Working 9 to 5 on Mobile Security
I love watching old movies, like the classic “9 to 5” and realizing how antiquated the tools used in the workplace are. Rolodexes, typewriters and fax machines – oh my! While devices like these were the standard of their time, technology has evolved, bringing in new equipment that allows employees to be more efficient, but also brings about security concerns.
In the age of technology, there is a growing trend around Bring Your Own Device or BYOD, specifically with mobile devices in the workplace. Companies want employees to have the flexibility to use devices they’re comfortable with, but placing gadgets in the hands of employees can take a turn for the worse.
Security breaches happen, but often times, the source of a breach comes from an internal employee. Think about it. If you use your device (that has data from your work) to check your email and get caught up in a phishing scam or ransomware attack, your company information is exposed.
Most companies do as much as they can to keep their data secure, but what can you do as an employee to make sure you’re keeping yourself and your company safe from threats? Here are some strategies that can potentially reduce the risk of a mobile security breach:
- Ask questions: Think there’s something fishy or insecure on your phone? Talk to your IT department, they’ll be more than happy to help you stay secure.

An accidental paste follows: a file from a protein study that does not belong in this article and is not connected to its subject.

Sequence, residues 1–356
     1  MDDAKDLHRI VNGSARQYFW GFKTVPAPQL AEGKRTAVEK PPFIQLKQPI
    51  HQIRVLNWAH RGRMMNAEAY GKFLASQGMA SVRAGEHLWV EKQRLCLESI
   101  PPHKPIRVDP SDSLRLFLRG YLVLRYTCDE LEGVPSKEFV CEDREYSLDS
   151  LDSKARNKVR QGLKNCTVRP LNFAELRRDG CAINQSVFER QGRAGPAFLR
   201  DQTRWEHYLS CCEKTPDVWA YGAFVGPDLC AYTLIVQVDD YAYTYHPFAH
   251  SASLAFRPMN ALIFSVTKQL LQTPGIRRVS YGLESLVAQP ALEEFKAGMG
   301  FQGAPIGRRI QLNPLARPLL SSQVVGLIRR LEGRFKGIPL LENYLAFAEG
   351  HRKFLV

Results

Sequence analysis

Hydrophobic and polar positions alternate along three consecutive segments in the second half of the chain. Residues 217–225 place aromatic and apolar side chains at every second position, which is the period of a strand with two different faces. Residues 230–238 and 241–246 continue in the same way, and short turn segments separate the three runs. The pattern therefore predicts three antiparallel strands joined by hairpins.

- Pay attention: If your company has an internal training or guide to keeping your devices safe, tune in. As our devices evolve, so do security methods.
- Follow protocol: If you’re victim to attack, be sure to follow the directives of your IT team and alert them as fast as you can. A quick response to a threat can help to minimize the damage.
Of course, good mobile security hygiene wouldn’t be complete without simple best practices that you can implement every day:
- Multi-factor authentication: Keep your devices and your accounts (social media channels, emails, etc.) secure with an added layer of security.
- Complex passwords: It’s 2017, you know better than to have “password” or “1234” as a safeguard for your devices.
- Selective Wi-Fi: Avoid connecting to unsecure Wi-Fi, especially if you plan on connecting to an internal corporate system.
- Security, security, and security: Always use comprehensive security software to protect your personal devices. If your company provides you with a device, be sure to follow their directives on the type of security to load on your device.
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